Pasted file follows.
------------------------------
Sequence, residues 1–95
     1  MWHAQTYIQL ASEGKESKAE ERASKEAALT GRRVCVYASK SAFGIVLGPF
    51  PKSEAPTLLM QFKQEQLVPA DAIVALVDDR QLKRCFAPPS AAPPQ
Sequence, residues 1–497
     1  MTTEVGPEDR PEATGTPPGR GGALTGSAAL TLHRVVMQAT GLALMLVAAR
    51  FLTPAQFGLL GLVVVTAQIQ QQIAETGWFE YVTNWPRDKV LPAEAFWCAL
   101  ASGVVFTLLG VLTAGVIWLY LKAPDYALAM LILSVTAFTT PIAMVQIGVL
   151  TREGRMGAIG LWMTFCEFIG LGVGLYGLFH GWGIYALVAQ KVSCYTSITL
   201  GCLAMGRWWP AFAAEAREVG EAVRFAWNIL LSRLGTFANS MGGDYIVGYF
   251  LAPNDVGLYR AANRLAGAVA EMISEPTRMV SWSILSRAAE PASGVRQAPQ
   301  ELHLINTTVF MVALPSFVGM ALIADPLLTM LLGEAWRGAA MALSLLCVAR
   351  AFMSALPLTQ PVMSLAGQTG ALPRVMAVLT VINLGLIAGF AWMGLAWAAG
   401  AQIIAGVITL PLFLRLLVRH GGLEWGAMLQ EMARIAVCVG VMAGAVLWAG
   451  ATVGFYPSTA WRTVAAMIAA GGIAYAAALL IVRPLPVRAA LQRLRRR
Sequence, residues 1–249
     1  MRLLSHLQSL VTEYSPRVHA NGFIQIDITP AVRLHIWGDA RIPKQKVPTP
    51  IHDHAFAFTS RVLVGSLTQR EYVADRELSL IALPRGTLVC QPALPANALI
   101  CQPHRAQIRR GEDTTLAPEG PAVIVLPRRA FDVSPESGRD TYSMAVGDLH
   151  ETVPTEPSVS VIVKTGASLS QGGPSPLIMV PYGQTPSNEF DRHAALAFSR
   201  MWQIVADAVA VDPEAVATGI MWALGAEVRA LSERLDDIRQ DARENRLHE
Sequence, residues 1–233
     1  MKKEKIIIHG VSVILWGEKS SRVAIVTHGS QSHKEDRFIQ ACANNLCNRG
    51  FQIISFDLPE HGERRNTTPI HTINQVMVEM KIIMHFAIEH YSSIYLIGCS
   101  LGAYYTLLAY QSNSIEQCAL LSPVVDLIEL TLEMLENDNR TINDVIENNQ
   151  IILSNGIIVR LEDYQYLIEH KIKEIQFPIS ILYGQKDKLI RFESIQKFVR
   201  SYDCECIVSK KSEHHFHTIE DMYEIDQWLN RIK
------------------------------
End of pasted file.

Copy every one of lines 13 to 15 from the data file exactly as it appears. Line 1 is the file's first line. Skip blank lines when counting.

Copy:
   401  AQIIAGVITL PLFLRLLVRH GGLEWGAMLQ EMARIAVCVG VMAGAVLWAG
   451  ATVGFYPSTA WRTVAAMIAA GGIAYAAALL IVRPLPVRAA LQRLRRR
Sequence, residues 1–249